Demonstrating that Dark Sky status has economic value, especially outside peak seasons.
Snowdonia National Park has been awarded International Dark Sky status – one of only 11 globally.
The award means Wales is now the country with the highest proportion of its territory boasting night skies with a protected status at circa 18%. The status awarded to Snowdonia is given by the International Dark Sky Association to places that have proven the quality of their night air is outstanding and real efforts are being made to reduce light pollution.
The aim of this project is to proactively engage with the tourism sector in order to demonstrate how astro tourism can be packaged and presented to tourists. As with other Leader projects the aim is to work intensively with a small number of businesses, prior to sharing lessons learnt with a wider audience.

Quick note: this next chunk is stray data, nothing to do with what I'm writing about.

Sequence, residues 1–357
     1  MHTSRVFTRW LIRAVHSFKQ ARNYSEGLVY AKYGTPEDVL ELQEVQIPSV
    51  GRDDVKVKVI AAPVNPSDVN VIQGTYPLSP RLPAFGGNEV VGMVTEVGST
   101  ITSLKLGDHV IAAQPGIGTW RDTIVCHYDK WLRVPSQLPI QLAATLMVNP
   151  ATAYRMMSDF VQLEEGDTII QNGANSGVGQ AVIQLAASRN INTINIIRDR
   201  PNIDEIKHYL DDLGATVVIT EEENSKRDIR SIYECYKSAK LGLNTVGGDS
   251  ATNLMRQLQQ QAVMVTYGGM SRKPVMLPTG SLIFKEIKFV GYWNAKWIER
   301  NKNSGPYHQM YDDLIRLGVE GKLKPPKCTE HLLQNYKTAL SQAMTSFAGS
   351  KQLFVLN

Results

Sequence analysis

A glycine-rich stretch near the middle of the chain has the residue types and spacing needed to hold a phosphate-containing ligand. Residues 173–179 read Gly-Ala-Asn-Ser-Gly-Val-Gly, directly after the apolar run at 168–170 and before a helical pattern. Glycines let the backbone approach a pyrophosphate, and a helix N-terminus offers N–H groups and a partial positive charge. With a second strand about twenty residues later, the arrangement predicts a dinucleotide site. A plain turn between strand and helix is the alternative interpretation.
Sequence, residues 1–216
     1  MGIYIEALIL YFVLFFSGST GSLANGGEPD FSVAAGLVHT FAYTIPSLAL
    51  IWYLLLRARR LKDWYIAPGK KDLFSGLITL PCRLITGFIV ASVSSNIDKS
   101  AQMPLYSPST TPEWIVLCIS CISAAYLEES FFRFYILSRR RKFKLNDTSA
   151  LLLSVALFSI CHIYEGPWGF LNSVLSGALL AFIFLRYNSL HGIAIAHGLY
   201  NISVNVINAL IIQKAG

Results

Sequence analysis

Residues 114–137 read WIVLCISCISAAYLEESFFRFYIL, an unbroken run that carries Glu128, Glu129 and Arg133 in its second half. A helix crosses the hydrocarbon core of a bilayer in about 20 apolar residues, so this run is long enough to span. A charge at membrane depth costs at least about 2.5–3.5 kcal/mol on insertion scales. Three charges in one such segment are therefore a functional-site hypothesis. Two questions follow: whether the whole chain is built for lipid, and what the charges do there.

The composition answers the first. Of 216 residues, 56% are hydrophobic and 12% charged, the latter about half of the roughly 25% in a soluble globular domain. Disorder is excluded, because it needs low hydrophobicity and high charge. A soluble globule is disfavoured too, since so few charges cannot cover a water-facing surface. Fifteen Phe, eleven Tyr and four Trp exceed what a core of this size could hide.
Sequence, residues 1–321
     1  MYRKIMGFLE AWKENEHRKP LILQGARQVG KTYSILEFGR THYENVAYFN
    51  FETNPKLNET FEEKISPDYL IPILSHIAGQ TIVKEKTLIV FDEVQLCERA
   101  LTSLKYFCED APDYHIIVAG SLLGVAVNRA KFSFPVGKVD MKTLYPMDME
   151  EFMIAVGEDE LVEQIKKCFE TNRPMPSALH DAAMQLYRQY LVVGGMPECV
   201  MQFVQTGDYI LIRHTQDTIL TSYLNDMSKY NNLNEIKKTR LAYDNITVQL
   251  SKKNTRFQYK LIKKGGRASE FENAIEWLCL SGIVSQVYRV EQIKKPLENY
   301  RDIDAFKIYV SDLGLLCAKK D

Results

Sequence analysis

Arloesi Gwynedd Wledig, through an open call process, recruited 14 tourism businesses that were eager to participate in the trial. The selection criteria included a good geographical spread across the National Park, a broad selection of accommodation providers, a willingness to contribute to events and collect feedback from customers.
The selected businesses attended workshops in which they were provided with an overview of Dark Sky designation and why Snowdonia has been selected. They were also shown how they could take advantage of it and given examples from others such as Northumberland.
All the businesses were provided with equipment and materials to be used by customers. Once the trial is complete Arloesi Gwynedd Wledig will share the equipment with other businesses as required who were not part of the project.
The highlight of the project was a stargazing event which attracted 50 businesses. The event was hosted by Dark Sky Wales and provided an insight into how an event should be organised and marketed. We are aware that many of those attending are intending to arrange their own events.
Plas Tan-y-Bwlch Workshop -
Llyn Gwynant Workshop -